This is good news for institutions who want more active learning classrooms, but can’t afford the high-end tech in all of them. Building out flat classrooms with good tables, moveable chairs, and lots of whiteboards is a great way to support active learning instruction. Cornelia Lang, associate professor of astronomy at the University of Iowa, teaches regularly in active learning classrooms, and she describes in detail her teaching practices in those spaces in her Leading Lines podcast interview. She also noted that her colleagues in physics and astronomy have figured out what Soneral and Wyse did, that it’s the tables and whiteboards that really enable active learning instruction. Her department is moving to a low-tech ALC model for most of their classrooms as they have the chance to renovate their classrooms.
Note that faculty development is often critical to the success of an ALC initiative (Morrone, et al., 2017). Many ALC initiatives, including those at University of Iowa and Indiana University include professional development provided by a teaching center. This is why D. Christopher Brooks and colleagues wrote their book: “Sometimes, it’s overwhelming enough just developing an active learning exercise to work on with students in order to achieve your objectives… This is part of why we wrote the book, to help folks figure out the kinds of things that they can do, the kinds of barriers they’ll going to find in those spaces and to think through how teaching in this space is different than teaching in a traditional classroom.”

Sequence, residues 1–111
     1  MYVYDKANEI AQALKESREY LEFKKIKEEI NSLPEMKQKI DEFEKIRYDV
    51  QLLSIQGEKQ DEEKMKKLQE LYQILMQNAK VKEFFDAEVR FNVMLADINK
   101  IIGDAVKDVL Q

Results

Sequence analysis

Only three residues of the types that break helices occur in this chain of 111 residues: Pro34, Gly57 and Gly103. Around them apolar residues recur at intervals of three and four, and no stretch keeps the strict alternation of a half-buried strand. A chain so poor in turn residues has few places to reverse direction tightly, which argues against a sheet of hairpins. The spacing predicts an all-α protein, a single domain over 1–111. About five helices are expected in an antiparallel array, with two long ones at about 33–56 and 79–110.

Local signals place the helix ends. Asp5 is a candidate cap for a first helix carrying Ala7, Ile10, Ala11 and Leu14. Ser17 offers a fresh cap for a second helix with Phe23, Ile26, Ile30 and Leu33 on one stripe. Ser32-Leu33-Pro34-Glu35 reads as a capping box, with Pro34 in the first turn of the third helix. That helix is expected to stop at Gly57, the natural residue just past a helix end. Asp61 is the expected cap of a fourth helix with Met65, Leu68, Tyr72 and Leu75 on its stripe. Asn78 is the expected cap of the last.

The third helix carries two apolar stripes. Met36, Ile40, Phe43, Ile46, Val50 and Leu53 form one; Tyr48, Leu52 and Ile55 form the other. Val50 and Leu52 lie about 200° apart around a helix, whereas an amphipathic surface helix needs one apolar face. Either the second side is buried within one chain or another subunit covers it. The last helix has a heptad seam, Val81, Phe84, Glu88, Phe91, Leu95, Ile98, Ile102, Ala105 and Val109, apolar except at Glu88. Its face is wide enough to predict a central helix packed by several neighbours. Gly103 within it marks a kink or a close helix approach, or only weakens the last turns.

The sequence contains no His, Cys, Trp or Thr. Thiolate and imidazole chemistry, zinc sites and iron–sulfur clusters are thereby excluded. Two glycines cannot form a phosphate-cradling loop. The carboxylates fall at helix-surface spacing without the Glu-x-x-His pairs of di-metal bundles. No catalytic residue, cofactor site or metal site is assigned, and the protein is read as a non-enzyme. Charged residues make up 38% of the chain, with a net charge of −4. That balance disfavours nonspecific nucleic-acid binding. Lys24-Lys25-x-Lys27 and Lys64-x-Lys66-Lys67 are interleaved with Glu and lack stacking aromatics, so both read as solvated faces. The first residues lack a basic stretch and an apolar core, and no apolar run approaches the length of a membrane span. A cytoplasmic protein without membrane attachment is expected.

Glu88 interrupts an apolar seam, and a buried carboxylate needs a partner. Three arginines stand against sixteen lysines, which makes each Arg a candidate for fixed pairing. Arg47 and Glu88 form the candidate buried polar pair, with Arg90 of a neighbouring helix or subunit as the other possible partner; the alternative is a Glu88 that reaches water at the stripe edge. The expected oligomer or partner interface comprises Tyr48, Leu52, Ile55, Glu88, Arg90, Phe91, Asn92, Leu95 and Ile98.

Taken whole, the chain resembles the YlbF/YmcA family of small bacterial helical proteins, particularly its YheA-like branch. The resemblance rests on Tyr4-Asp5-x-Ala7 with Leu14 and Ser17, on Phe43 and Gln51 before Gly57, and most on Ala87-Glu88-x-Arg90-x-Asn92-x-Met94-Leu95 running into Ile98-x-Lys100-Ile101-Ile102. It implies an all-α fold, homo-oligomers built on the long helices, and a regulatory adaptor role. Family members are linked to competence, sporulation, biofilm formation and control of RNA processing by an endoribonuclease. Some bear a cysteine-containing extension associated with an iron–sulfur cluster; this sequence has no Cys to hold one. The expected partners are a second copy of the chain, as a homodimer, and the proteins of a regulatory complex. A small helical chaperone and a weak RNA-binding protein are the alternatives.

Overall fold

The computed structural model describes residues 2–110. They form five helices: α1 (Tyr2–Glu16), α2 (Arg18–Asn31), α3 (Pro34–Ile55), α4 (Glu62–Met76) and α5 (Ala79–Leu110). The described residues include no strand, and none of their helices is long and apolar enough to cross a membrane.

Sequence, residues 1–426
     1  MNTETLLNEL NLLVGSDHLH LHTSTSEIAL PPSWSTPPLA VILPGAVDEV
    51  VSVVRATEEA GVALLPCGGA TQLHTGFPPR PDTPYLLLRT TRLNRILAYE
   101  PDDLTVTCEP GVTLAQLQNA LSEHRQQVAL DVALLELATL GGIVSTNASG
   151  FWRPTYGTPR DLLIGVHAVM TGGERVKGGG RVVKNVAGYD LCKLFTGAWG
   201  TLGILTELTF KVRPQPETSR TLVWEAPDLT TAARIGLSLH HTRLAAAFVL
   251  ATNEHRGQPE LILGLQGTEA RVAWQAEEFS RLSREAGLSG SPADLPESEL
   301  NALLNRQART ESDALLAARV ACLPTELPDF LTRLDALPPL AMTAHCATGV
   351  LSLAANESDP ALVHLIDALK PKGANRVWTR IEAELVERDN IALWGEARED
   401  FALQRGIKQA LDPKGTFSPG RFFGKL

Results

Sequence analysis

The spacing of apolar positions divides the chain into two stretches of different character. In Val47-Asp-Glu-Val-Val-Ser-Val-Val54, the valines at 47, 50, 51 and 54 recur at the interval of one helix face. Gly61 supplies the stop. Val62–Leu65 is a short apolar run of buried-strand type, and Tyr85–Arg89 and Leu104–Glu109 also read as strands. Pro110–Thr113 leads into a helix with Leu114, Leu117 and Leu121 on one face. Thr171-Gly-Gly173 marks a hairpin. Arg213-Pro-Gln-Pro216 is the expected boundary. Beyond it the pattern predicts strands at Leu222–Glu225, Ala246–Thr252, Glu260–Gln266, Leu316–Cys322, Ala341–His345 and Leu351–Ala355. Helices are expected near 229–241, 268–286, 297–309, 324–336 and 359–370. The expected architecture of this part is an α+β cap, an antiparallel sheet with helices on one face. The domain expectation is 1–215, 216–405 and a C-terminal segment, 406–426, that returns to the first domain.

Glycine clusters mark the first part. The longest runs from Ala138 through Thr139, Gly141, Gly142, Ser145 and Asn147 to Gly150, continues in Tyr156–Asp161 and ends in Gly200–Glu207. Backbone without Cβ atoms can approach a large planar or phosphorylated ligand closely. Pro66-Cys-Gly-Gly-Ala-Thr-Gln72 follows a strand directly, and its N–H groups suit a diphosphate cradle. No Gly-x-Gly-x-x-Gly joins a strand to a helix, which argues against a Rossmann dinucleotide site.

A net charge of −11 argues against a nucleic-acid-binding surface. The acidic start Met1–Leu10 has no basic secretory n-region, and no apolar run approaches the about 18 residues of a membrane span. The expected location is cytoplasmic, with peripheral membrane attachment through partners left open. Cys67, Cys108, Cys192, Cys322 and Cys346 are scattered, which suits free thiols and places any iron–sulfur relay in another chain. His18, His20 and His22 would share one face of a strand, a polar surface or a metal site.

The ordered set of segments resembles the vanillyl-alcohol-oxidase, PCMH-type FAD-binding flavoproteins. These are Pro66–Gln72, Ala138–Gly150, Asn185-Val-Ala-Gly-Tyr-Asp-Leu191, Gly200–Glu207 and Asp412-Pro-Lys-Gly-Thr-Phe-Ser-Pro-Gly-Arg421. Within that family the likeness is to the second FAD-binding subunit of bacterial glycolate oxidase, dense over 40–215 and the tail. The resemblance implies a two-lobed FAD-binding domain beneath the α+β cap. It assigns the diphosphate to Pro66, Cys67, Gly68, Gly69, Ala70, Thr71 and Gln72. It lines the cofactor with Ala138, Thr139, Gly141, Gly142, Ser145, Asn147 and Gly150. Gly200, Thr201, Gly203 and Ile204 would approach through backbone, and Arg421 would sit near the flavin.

The photos of ALCs in this guide were taken by CFT director Derek Bruff. For more photos of ALCs and other learning spaces, see Bruff’s Flickr album. Join FLEXspace for even more photos and documentation of ALCs.
Baepler, P., Walker, J., Brooks, D., Saichaie, K., & Petersen, C. (2016). A guide to teaching in active learning classrooms: History, research, and practice. Stylus.
Baepler, P., Walker, J., & Driessen, M. (2014). It’s not about seat time: Blending, flipping, and efficiency in active learning classrooms. Computers & Education, 78, 227-236.
Freeman, S., Eddy, S., McDonough, M., Smith, M., Okoroafor, N., Jordt, H., & Wenderoth, M. (2014). Active learning increases student performance in science, engineering, and mathematics. Proceedings of the National Academy of Science, 111(23), 8410-8415.
Morrone, A., Flaming, A., Birdwell, T., Russell, J., Roman, T., & Jesse, M. (2017, December 4). Creating active learning classrooms is not enough: Lessons from two case studies. EDUCAUSE Review.
Park, E. L., & Choi, B. K. (2014). Transformation of classroom spaces: traditional versus active learning classroom in colleges. Higher Education, 68(5), 749–771.
Soneral, P. &, Wyse, S. (2017). A SCALE-UP mock-up: Comparison of student learning gains in high- and low-tech active-learning environments. CBE—Life Sciences Education, 16(1).
Stoltzfus, J., & Libarkin, J. (2016). Does the room matter? Active learning in traditional and enhanced lecture spaces. CBE—Life Sciences Education, 15(4).
Whiteside, A., Brooks, D., Walker, J. (2010). Making the case for space: Three years of empirical research on learning environments. EDUCAUSE Quarterly, 33.
This teaching guide is licensed under a Creative Commons Attribution-NonCommercial 4.0 International License.